Aguri and Yuji Ide

Yuji Ide, Australian GP 2006

Yuji Ide, Australian GP 2006 

 © The Cahier Archive

Yuji Ide has not had a great Formula 1 season to date. He did not get much time in the Super Aguri before the season began and he does not know the race tracks and in Imola he blotted his copybook by tipping Christijan Albers into a fairly nasty crash on the first lap of the San Marino Grand Prix.

Having said that Ide is no fool, because finishing second in the 2005 Formula Nippon championship was no mean achievement particularly when one considers that the opposition was fairly useful and included the likes of Satoshi Motoyama, Richard Lyons, Andre Lotterer and Benoit Treluyer. Ide is a big star in Japan.

For the moment, Super Aguri seems to be sticking with Ide but there is a message in the appointment of Franck Montagny as the team's third driver for the European Grand Prix. Montagny took the role in the first two races of the year but did not have a car to drive but now Super Aguri has three chassis available, Montagny will return but only for a one-off. Officially the team says that "discussions continue regarding further opportunities within the team". This clearly means that Montagny wants a race drive and is not willing to commit himself as a tester.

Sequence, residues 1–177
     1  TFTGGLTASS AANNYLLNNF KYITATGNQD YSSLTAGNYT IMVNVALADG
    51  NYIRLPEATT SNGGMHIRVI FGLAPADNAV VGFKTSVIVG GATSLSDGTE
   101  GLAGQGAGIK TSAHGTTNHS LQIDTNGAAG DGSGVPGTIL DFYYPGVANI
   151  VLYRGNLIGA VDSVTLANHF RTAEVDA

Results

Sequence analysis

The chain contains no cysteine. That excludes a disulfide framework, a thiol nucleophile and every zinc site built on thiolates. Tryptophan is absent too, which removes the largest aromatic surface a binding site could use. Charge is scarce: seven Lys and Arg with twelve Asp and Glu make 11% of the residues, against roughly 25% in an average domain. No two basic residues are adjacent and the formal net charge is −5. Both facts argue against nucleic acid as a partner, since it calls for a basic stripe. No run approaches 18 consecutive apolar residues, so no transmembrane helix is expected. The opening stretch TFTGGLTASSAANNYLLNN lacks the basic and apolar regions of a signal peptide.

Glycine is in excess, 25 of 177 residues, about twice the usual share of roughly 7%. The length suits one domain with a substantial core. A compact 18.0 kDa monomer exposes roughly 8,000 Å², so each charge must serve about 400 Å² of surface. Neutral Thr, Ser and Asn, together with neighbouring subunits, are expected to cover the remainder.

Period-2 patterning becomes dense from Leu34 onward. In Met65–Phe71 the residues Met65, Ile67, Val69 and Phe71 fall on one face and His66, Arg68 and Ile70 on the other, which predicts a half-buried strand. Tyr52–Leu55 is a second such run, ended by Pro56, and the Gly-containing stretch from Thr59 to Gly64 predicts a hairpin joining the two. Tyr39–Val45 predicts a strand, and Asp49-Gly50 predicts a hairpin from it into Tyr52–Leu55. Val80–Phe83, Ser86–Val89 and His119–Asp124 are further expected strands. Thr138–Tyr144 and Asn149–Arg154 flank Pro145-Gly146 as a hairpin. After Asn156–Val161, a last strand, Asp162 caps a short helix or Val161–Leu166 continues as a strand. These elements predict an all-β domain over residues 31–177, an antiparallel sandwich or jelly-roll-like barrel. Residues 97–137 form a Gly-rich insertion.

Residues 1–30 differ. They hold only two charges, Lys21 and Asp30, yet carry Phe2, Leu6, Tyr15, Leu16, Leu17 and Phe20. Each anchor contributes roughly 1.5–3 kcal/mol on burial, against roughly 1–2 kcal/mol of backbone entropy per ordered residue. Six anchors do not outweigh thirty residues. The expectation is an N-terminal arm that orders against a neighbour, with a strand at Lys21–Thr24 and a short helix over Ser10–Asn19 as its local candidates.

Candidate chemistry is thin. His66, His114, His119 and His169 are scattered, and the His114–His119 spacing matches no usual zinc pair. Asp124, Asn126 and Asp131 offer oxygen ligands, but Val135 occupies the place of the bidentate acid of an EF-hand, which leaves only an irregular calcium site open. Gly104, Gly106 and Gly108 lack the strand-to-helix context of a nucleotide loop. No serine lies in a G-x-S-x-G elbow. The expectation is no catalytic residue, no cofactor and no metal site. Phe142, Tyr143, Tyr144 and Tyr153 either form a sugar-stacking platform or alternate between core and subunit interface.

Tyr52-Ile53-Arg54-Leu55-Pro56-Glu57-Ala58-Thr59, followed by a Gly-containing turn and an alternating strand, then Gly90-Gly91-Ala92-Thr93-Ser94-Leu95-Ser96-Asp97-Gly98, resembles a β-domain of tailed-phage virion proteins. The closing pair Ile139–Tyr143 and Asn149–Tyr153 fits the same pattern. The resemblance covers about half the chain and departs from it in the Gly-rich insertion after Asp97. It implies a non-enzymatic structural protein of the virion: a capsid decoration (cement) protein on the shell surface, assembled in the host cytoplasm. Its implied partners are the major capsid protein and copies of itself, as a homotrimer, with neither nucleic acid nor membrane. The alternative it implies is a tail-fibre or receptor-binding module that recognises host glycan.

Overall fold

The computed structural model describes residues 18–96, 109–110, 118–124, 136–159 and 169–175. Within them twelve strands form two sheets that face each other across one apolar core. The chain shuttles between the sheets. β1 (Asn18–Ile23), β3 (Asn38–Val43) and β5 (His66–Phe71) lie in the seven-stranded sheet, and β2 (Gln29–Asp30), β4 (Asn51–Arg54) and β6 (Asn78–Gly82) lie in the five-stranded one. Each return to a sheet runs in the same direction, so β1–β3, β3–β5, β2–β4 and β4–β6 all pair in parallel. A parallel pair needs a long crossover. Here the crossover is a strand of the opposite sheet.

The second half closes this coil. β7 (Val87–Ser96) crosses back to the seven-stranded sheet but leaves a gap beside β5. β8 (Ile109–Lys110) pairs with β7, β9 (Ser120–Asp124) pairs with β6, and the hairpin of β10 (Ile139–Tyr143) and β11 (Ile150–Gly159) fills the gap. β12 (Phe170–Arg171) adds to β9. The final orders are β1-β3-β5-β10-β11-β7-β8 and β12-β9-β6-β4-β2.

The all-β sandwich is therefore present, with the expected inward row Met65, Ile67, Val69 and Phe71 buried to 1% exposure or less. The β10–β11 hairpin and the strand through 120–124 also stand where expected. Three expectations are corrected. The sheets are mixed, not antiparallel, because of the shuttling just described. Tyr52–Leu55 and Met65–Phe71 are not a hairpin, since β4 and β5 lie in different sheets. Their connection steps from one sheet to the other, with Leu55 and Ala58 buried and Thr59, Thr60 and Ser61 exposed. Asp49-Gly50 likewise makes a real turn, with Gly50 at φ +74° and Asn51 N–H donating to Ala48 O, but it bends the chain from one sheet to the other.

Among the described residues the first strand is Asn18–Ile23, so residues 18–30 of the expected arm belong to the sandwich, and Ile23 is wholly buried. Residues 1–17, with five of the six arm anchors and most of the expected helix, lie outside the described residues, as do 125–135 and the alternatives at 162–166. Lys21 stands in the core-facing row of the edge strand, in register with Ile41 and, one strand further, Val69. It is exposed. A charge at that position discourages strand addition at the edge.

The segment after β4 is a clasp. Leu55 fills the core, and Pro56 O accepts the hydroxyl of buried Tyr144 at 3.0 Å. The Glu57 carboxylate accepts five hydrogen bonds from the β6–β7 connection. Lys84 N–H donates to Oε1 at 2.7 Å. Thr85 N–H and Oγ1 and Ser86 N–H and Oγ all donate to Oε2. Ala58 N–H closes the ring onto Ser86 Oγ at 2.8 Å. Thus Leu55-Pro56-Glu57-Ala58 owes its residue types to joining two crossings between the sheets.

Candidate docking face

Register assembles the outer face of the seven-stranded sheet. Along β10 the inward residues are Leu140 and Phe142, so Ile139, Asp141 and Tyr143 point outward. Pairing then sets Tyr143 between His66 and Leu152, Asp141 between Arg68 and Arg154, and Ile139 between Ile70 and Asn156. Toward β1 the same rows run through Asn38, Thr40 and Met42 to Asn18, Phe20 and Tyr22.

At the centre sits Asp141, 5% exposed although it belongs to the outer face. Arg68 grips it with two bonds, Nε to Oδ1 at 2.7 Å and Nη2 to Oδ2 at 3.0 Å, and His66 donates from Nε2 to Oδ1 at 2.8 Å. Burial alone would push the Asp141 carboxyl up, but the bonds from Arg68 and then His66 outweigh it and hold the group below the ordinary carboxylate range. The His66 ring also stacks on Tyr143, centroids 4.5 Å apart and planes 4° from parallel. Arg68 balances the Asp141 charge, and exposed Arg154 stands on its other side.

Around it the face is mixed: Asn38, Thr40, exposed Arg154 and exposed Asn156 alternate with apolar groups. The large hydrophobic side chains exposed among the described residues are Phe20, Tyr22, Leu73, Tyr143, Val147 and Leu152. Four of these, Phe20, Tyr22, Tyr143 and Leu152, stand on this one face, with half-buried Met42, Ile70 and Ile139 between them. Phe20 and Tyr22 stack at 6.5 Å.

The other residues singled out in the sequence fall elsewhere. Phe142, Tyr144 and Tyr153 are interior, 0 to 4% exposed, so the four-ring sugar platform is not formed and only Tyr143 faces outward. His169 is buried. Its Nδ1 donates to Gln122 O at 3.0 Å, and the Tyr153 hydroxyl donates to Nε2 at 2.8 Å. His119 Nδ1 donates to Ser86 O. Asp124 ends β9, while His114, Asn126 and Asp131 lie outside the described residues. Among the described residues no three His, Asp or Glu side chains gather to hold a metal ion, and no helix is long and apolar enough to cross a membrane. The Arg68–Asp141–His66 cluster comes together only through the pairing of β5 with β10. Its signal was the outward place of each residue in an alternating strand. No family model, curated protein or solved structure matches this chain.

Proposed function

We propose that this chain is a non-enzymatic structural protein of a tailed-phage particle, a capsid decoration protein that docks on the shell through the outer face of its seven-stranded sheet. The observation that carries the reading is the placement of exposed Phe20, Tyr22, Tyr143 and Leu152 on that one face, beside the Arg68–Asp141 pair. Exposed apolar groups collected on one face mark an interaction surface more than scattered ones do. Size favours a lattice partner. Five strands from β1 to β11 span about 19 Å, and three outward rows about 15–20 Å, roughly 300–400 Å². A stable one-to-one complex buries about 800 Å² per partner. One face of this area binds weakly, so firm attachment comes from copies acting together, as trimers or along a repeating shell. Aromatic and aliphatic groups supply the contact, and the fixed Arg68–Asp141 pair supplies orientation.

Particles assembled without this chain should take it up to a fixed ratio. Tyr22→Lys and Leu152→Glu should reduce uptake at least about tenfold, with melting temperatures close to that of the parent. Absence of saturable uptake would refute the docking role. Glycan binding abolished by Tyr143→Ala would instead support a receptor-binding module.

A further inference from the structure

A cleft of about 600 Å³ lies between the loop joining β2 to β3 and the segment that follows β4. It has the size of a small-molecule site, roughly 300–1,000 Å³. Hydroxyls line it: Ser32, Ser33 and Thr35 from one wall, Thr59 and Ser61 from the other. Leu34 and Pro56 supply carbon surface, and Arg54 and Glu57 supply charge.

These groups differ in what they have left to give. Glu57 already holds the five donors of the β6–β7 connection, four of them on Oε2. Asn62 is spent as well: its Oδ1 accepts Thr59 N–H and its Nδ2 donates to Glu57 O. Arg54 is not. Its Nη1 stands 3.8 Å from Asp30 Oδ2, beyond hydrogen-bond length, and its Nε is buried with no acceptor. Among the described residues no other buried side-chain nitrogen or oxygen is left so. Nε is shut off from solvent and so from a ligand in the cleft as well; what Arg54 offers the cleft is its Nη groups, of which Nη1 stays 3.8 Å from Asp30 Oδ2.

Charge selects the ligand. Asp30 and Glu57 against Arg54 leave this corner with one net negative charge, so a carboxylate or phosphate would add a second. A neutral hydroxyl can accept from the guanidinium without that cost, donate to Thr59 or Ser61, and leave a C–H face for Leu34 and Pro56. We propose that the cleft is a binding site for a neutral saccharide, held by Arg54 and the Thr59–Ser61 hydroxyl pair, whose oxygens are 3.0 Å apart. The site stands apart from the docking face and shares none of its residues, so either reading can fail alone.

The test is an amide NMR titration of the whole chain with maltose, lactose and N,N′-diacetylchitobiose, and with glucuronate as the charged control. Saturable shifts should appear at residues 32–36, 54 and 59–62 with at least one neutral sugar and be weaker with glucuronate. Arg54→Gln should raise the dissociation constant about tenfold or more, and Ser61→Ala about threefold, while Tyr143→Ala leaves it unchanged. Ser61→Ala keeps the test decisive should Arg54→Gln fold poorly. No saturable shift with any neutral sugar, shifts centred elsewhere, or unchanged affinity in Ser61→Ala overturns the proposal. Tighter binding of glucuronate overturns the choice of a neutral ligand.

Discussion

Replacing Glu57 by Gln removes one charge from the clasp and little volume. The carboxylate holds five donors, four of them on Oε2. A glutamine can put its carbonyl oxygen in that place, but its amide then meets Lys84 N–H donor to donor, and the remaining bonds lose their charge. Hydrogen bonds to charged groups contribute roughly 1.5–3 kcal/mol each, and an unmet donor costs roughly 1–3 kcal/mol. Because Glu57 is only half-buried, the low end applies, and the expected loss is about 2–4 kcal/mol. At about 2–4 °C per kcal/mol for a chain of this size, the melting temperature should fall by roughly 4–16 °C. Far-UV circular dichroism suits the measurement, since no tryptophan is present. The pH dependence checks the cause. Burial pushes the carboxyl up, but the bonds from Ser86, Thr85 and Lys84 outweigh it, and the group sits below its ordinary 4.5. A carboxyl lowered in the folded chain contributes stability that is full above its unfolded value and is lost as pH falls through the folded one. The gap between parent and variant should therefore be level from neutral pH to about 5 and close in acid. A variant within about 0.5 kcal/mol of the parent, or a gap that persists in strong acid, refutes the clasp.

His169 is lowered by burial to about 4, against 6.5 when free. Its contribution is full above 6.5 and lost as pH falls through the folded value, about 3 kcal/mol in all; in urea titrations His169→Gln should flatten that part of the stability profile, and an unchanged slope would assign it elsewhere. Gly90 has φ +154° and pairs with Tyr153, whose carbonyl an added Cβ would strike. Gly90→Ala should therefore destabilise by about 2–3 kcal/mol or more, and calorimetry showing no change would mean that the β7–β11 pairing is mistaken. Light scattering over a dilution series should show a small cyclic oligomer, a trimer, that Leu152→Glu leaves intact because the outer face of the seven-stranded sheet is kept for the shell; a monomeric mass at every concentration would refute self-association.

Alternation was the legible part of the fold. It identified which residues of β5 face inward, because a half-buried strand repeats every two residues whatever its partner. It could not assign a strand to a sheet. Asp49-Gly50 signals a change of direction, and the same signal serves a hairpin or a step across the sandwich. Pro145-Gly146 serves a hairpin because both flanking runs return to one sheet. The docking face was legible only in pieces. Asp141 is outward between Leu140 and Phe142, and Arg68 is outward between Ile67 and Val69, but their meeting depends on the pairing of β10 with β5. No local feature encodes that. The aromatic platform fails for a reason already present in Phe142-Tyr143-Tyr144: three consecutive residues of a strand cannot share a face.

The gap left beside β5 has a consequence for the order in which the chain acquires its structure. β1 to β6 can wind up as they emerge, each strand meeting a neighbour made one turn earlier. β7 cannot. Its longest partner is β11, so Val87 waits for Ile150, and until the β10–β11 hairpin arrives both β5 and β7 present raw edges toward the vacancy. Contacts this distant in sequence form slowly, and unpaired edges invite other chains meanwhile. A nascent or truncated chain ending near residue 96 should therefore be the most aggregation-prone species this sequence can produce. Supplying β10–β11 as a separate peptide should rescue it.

The big question is whether the team wants to have a non-Japanese driver. Our understanding of the situation is that the team was established to have a very definite Japanese flavour, in an attempt to get more interest in F1 in Japan. Despite the efforts of Honda and Toyota, the number of people in Japan who are interested in F1 is much smaller than was the case in the glory days of the late 1980s and early 1990s when Ayrton Senna had god-like status in Japan.

One question that has been asked a lot this year is where Aguri's money is coming from. Our understanding is that the team is fully-funded this year with the finance coming from the vast advertising agency Dentsu. This is Japan's biggest advertising company, controlling more than 30% of the total market and around half the TV advertising in Japan. It operates in 27 countries and owns around 15% of Publicis, one of Europe's biggest advertising groups. The logic behind the deal appears to be that Dentsu has paid Super Aguri and is now looking for sponsors to pay off the investment and to make a profit. We believe that maintaining a very Japanese image is part of the plan and so it will probably be wiser to stick with Ide rather than trying to start the educational process with another Japanese driver or to switch to a foreign driver, who might not get any more out of the car than Ide has been managing.

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